• Sphagnum mosses dominate peatlands that store about a third of the world’s terrestrial carbon. 
  • A type of peat moss has surprised scientists with its climate resilience: Sphagnum divinum is actively speciating in response to hot, dry conditions. 
  • To illuminate how S. divinum adapts, ORNL researchers developed resources, including a database with all of S. divinum’s proteins and a method to determine their functions.

Though the changing climate threatens the world’s vegetation, a type of peat moss has surprised scientists with its resilience: Sphagnum divinum is actively evolving in response to hot, dry conditions. 

Researchers at the Department of Energy’s Oak Ridge National Laboratory developed resources, including a database with all of S. divinum’s proteins and a method to determine their functions, in order to illuminate how S. divinum adapts under rapidly changing climate conditions.

Sphagnum mosses dominate peatlands that store about a third of the world’s terrestrial carbon. As environmental stressors diminish these reserves, the peat releases carbon into the atmosphere as a greenhouse gas, further accelerating the pace of warming. Understanding the genetic mechanisms that enable resilience under changing conditions is vital to inform strategies to maintain or enhance carbon storage in peat bogs. 

“Think of an organism as an engine, which works because of the way that its components fit together in three dimensions,” said Ada Sedova, a computational biologist at ORNL. “Proteins are like the individual parts. Their structure determines their function, so knowing their shape helps us predict what they do for the machine as a whole.”

To reveal the roles of proteins, genetic code can be modeled structurally. ORNL researchers previously streamlined this process with high-performance computing resources. They modified DeepMind’s AlphaFold — an AI-powered tool that predicts a protein’s 3D shape from its genetic sequence — to run on Summit, a supercomputer housed at ORNL’s Oak Ridge Leadership Computing Facility. The project predicted structures for S. divinum’s 25,134 proteins at unprecedented speeds. 

The team also developed a technique to compare proteins by aligning them with one another. Using this procedure, they found differences between two similar Sphagnum proteins. One is likely an enzyme that aids a biological process, whereas the other could serve a regulatory function such as managing the organism’s heat stress response.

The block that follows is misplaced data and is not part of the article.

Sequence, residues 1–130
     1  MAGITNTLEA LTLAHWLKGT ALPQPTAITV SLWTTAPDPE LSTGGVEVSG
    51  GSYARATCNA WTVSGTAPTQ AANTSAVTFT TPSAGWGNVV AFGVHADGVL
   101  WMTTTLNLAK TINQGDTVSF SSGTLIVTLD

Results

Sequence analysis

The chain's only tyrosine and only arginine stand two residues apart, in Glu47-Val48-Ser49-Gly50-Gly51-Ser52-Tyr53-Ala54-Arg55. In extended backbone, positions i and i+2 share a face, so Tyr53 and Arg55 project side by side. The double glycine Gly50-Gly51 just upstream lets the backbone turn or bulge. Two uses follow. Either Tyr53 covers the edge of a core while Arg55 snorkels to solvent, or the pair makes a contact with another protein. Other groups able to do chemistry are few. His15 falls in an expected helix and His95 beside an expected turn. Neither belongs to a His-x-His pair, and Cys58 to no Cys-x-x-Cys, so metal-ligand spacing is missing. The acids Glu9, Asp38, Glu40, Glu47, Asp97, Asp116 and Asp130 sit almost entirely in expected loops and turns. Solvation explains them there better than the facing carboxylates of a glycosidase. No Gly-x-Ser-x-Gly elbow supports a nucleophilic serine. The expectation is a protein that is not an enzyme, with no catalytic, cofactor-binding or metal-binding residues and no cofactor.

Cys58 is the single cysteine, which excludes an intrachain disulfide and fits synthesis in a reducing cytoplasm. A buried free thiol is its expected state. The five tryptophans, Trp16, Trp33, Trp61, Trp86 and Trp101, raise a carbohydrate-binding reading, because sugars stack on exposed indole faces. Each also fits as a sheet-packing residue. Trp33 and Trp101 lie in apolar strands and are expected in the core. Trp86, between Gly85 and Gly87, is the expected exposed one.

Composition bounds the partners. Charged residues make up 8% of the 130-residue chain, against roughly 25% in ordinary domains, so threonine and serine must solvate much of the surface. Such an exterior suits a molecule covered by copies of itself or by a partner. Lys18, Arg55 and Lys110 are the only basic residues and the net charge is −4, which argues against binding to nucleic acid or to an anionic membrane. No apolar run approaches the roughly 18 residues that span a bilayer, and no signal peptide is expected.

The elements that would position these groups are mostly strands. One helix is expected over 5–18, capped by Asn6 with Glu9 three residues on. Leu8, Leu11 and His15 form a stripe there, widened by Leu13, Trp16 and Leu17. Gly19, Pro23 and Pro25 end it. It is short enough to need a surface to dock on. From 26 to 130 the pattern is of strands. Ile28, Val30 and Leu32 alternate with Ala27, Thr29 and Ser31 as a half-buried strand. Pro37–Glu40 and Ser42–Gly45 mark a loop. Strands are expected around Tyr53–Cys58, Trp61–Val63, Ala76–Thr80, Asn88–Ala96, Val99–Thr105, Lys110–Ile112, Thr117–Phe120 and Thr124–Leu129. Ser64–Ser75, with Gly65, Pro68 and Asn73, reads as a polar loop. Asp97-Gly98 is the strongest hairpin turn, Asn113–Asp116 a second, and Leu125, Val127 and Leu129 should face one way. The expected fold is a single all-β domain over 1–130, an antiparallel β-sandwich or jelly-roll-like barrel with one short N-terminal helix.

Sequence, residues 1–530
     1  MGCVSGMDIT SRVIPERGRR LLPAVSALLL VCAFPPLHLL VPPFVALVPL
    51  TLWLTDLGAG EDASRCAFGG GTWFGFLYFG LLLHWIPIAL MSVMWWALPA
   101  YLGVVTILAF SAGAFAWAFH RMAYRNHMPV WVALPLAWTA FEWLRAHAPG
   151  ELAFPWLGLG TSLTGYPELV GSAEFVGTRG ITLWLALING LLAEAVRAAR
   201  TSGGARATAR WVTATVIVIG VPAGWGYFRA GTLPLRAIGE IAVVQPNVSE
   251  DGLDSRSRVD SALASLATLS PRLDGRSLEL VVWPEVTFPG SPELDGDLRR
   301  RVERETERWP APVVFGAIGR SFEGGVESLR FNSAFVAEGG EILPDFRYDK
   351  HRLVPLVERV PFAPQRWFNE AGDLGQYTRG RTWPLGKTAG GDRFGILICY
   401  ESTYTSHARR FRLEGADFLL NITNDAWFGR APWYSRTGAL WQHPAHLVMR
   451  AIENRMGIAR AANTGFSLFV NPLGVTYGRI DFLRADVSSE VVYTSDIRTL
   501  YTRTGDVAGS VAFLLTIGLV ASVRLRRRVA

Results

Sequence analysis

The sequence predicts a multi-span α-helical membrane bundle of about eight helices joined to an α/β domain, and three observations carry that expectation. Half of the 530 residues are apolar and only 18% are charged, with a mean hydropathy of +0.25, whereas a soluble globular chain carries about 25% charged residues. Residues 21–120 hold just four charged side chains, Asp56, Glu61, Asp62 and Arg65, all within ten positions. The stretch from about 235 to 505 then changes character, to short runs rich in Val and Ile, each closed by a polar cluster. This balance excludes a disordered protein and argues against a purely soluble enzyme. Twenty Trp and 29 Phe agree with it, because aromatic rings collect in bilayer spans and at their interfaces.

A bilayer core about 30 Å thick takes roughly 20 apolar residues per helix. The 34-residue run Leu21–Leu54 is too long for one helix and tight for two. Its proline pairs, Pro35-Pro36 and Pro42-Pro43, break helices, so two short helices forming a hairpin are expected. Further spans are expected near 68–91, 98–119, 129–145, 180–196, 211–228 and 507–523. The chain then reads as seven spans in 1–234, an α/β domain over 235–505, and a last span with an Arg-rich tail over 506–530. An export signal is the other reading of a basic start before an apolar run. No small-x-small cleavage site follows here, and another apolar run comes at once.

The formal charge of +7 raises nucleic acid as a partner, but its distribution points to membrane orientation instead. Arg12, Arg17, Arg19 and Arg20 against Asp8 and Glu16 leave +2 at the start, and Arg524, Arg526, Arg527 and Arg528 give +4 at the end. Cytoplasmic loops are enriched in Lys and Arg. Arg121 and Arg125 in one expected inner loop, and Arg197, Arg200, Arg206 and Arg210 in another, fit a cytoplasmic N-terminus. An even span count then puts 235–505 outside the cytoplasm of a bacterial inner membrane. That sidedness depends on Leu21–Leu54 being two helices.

“This high-throughput method can scale to large computing clusters,” said Sedova, “which addresses the data challenges that developed when proteome-scale structure prediction with AlphaFold became a reality.”

This work supplements ORNL’s ongoing research about Sphagnum moss, including the SPRUCE whole-ecosystem manipulation experiment and a project that previously sequenced the genomes of two species. “Determining the function of proteins in a laboratory setting is a time-consuming and frequently unsuccessful endeavor. Advancing computational methods for delivering reliable functional predictions will significantly expedite the discovery of molecular genetic processes that contribute to climate resilience,” said Dave Weston, a molecular plant physiologist at ORNL

Though most proteins have a set form and function, some lack this rigidity. Disordered proteins give an organism flexibility, allowing it to respond to a dynamic environment. “In our research, AlphaFold indicated that around 30% of S. divinum’s proteins lack a defined structure,” said Sedova. “This suggests that disordered proteins could be critical for heat, stress and drought response.”

Going forward, the database and analytical method developed at ORNL will support biologists looking to understand the essential compounds that make up Sphagnum mosses. This information will help reveal how plants respond to a changing world. 

Co-authors Russell Davidson, Mark Coletti, David Weston, Jerry Parks and Ada Sedova of ORNL collaborated with colleagues Mu Gao and Jeffrey Skolnick of Georgia Tech; Avinash Sreedasyam and Jeremy Schmutz of HudsonAlpha Institute for Biotechnology and Joint Genome Institute; Farhan Quadir and Jianlin Cheng of the University of Missouri; and Bryan Piatkowski, formerly with ORNL and now with Mayo Clinic. 

Read the paper: Bioinformatics

Article source: Oak Ridge National Laboratory

Author: Kimberly A Askey

Image: The Sphagnum genus of mosses absorbs carbon from the atmosphere, storing it in peat bogs. Credit: Genevieve Martin/ORNL, U.S. Dept. of Energy